Inline Skate Wheel Maintainence: Lubricating the Wheels - Perhaps Rotation
It feels so odd to call these skates Inline Skates, since I come from a simple mentality and I call them Roller Blades.
I was born and raised a roller skater. Roller skates are different, as the wheels are on a truck and have two wheels mounted side by side on the front and two more wheels mounted side by side on the back.
My preference is roller skates, since 30 years ago, I used to roller skate six days a week at the local rink, but then I had to give it up for marriage, kids. But, now, my youngest child is an avid roller blade [excuse me Inline skate] person and we are going to take a trip up to the Duluth area and roller blade our way around instead of walking.
The problem is, I purchased some used roller blades at a Thrift Store and the wheels do not spin as well as they should, so I am going to take them off and hopefully lubricate them with something that will make them spin better. Maybe just cleaning will help.
This is a tricky one. They have older, Philips head screws holding the wheels in place, but the screw seems to be connected to the screw on the other side, since as I have been successful in getting the screw to turn, the head on the opposite side is also turning.
That's going to be a fun ordeal. I need to somehow figure out how to put a screwdriver in both sides and hold it steady while I turn.
I don't think so. There must be an easier route to do this?
I confess. I need to watch a Youtube video to see how they suggest getting those screws out. I wonder if there are any.
You'd think that there would be a lot of maintenance videos, but, then again, I purchased my blades at a Thrift Store for a couple dollars, so perhaps people don't maintain at all. Maybe this is my new hobby.
I can see it now, my new store. Char's Wheel Store.
Can you think of a catchy slogan for it?
Let's look it up.
Top Puck seems to be the most informative video series. How to Properly Clean and Speed Up Bearings was the video that I watched.
I need some ATF and a bottle. The bottle he used was a wide mouth Gatorade bottle. I may just sacrifice a plastic storage box since I don't drink Gatorade. I can just reuse it later. After you put your bearings in the ATF, you let them sit and then, remove them. He sprayed his with Liquid Wrench. I have ATF fluid, but I may just have to go to the store and invest in the spray lubricant.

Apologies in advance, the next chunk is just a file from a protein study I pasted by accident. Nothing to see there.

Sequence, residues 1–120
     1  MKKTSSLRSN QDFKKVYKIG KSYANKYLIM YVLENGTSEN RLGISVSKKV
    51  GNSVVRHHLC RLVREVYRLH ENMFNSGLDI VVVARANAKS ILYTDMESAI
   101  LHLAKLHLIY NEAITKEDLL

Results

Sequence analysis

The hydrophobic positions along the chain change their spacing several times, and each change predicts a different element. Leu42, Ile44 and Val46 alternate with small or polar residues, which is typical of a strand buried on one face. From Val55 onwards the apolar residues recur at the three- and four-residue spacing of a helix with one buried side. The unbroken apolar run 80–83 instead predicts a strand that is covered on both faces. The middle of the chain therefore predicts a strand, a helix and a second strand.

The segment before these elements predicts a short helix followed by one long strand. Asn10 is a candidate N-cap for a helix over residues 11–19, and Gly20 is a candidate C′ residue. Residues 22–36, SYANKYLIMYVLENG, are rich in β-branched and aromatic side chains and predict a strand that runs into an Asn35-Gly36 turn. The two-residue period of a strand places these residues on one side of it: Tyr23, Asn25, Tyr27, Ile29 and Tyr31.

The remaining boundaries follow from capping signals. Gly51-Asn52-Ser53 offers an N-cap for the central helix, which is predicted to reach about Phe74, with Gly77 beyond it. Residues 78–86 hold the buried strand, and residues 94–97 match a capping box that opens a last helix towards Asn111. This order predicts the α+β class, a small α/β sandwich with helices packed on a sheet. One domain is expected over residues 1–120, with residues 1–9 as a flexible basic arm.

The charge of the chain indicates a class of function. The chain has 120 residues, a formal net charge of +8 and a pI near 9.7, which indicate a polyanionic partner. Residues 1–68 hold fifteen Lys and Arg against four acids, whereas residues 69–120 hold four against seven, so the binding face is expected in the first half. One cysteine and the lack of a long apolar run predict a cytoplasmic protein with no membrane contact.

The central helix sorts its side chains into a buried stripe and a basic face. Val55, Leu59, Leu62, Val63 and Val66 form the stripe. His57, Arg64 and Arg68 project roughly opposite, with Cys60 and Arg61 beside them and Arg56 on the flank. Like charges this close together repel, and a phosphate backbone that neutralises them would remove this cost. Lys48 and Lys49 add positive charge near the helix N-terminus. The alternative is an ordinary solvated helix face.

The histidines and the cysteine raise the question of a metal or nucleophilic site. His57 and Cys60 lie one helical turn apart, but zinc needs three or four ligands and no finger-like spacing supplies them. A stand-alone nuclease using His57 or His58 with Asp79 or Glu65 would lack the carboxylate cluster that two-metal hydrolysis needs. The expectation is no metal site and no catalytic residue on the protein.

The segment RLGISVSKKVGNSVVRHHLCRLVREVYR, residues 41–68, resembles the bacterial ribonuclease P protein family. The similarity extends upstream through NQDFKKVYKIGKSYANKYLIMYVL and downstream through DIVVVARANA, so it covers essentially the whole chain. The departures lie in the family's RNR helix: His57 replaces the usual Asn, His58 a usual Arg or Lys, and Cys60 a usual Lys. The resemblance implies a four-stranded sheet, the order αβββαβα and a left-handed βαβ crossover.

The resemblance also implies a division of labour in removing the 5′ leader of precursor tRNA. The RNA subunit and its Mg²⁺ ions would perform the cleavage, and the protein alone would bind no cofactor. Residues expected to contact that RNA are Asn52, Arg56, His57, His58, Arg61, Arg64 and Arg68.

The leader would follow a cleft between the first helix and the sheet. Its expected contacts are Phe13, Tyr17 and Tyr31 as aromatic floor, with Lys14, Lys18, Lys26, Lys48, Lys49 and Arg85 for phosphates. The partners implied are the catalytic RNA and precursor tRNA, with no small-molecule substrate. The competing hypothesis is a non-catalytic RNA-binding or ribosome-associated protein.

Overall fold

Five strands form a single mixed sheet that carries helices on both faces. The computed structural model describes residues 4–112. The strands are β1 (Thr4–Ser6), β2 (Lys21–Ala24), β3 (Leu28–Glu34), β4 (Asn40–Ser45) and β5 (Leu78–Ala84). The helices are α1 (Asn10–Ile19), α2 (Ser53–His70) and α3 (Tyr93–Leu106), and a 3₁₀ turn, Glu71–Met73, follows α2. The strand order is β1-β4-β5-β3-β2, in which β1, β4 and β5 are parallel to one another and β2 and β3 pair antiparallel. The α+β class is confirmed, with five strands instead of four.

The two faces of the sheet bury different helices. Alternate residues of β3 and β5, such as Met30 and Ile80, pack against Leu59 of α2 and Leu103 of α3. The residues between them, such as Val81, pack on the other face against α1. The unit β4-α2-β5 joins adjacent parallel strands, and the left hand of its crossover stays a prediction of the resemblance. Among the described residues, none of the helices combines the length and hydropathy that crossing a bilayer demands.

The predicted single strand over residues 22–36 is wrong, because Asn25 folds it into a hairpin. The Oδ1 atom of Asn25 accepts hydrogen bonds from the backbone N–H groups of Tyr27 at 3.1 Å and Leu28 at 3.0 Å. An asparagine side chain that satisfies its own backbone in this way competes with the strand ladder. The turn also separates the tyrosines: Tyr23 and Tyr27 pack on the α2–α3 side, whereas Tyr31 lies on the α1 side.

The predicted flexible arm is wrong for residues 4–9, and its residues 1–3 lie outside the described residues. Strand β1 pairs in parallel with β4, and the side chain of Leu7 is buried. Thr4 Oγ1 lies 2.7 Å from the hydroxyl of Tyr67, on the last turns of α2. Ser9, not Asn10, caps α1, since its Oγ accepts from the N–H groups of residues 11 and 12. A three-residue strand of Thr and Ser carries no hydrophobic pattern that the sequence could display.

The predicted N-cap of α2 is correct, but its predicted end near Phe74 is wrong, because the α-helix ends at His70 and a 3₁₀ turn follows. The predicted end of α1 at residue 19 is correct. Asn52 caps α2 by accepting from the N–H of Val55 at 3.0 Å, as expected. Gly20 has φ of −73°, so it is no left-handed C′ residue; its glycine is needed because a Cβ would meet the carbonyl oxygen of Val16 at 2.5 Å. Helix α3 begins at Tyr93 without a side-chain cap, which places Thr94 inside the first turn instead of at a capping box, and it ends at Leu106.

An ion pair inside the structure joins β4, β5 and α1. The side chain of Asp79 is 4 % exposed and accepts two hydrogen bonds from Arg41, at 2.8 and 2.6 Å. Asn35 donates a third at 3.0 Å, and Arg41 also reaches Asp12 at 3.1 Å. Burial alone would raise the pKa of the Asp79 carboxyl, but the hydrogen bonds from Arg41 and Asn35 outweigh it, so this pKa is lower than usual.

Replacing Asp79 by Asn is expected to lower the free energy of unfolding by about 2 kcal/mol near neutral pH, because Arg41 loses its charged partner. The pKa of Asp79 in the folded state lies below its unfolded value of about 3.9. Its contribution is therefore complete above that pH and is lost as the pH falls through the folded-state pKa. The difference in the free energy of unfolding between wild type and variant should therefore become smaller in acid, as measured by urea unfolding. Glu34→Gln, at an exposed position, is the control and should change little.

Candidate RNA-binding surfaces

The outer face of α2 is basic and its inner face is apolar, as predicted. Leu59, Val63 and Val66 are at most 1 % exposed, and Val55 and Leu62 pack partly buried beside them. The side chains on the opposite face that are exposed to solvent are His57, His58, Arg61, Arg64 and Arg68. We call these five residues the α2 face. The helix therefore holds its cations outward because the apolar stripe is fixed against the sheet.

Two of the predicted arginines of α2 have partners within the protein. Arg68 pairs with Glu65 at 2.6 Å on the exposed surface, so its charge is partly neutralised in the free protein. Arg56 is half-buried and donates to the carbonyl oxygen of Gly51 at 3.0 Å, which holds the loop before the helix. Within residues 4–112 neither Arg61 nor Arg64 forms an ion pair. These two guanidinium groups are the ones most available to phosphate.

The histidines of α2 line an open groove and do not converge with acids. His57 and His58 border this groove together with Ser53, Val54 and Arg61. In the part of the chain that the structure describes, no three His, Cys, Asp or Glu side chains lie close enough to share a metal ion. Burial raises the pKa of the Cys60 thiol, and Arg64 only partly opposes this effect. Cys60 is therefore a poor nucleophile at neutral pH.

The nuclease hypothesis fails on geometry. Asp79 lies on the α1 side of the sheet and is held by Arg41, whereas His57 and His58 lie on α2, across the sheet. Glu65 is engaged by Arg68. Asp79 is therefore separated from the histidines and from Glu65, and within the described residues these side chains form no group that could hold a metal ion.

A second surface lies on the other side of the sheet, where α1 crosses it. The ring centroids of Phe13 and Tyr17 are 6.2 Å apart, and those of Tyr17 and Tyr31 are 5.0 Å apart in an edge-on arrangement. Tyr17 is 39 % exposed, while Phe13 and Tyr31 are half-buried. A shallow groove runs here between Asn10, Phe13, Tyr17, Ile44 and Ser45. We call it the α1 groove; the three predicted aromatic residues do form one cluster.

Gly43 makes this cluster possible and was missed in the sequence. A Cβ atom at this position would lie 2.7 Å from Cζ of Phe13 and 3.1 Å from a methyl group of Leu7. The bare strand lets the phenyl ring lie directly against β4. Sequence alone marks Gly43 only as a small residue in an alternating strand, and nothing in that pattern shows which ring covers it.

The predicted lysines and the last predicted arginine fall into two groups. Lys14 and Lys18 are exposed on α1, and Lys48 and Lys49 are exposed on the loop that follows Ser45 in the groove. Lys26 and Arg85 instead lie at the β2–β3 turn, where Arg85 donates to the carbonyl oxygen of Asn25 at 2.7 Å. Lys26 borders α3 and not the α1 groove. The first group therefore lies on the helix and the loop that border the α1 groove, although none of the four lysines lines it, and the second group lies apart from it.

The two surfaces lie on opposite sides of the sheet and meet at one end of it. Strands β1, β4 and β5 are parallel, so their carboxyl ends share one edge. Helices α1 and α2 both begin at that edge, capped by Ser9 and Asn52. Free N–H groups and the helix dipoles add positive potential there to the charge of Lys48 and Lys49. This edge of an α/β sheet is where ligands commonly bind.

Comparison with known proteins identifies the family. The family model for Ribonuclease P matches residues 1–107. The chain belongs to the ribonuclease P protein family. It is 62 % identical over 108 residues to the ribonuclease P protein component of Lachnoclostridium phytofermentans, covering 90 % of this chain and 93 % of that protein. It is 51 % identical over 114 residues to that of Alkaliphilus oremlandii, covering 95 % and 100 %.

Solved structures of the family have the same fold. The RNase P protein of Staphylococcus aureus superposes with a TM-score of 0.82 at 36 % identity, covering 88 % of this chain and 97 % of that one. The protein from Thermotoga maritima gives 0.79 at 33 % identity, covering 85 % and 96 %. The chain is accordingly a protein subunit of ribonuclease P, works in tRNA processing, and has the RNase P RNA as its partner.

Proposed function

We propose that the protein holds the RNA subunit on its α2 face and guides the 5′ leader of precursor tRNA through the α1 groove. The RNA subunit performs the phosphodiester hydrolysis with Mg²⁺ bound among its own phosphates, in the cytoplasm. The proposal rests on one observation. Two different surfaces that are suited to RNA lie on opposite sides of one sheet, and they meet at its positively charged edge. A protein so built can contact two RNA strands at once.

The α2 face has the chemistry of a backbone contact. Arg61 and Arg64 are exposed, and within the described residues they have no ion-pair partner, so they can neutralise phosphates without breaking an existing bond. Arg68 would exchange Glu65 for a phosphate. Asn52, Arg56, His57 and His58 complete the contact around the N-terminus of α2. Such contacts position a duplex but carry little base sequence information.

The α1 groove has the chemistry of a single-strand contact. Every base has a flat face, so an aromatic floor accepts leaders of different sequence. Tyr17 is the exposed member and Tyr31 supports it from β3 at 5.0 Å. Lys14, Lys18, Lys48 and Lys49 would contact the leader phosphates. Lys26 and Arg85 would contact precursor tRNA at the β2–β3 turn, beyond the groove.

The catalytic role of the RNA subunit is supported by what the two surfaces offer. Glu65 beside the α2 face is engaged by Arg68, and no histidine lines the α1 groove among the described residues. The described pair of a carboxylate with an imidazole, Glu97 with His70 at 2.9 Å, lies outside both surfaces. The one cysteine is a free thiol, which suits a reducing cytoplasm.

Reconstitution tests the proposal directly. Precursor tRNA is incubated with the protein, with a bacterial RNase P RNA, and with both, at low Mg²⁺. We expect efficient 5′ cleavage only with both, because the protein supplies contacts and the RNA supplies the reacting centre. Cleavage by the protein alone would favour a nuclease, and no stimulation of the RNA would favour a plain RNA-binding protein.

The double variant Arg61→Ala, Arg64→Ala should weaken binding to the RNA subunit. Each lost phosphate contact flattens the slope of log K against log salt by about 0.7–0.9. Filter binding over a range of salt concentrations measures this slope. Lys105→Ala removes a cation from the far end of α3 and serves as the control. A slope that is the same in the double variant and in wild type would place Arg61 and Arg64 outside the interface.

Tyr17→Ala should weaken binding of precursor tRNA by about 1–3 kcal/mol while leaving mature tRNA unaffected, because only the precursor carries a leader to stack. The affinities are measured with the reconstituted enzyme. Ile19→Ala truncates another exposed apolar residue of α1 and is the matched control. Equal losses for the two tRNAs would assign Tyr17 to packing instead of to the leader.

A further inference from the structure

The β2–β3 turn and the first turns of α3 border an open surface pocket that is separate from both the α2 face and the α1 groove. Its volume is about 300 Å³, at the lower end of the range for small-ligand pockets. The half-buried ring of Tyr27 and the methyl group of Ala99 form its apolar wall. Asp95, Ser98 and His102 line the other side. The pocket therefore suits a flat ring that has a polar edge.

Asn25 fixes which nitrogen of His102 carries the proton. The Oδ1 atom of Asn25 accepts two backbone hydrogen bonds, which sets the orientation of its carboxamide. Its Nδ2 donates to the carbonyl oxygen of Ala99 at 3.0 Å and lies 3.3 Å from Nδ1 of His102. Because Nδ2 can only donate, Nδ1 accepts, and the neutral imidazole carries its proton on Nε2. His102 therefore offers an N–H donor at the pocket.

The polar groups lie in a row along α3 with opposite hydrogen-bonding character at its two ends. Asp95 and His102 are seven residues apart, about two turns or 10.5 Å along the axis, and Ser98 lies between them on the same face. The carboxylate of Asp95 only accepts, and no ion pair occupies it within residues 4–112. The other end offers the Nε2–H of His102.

I watched Top Pucks video and started to work on my own skates.
I found that his video was for wheels with bearings and spacers. My Thrift Store skates only have a screw/insert screw assembly and aren't quite as complicated as far as taking the wheels off. However, I did have some difficulty removing the screw, as the person who assembled them to start with, put some blue stuff on the threads and it unscrewed very hard. I suppose it is some sort of silicone, something to keep the screw from turning and unscrewing itself.
We have three pairs of blades in our household. Two pairs belong to my granddaughters and I have been learning to skate with them.
I'm embarrassed to report that their wheels do not turn very well.
Since I purchased my skates at a Thrift Store for next to nothing, I find that I am not as particular about what fancy oils that I use on the wheel bearings.
The video I watched showed that his bearings came out and he put them in a bottle of transmission fluid, which cleaned the dirt off the bearings. I also noticed that he poured the dirty fluid back into his original bottle of ATF.
I was too lazy to walk the 200 feet to the shop to get some ATF, so I looked in my kitchen and thought about using my Oil Spray. You know, the can of Crisco Cooking spray that my hubby uses on his egg pan.
Crisco Cooking Spray
I sprayed it on the wheel bearing. I spun it around. It only took a few seconds for me to find out that it worked very well.
Actually, I have a confession to make. The reason that I used it at all, was because I was having trouble getting the wheels off to start with, and was dreaming up a tool to use to remove the wheels. The tool involved a C clamp, a Phillips bit for an insertable screwdriver and I was going to fashion some sort of screw driver attachment for the opposite site.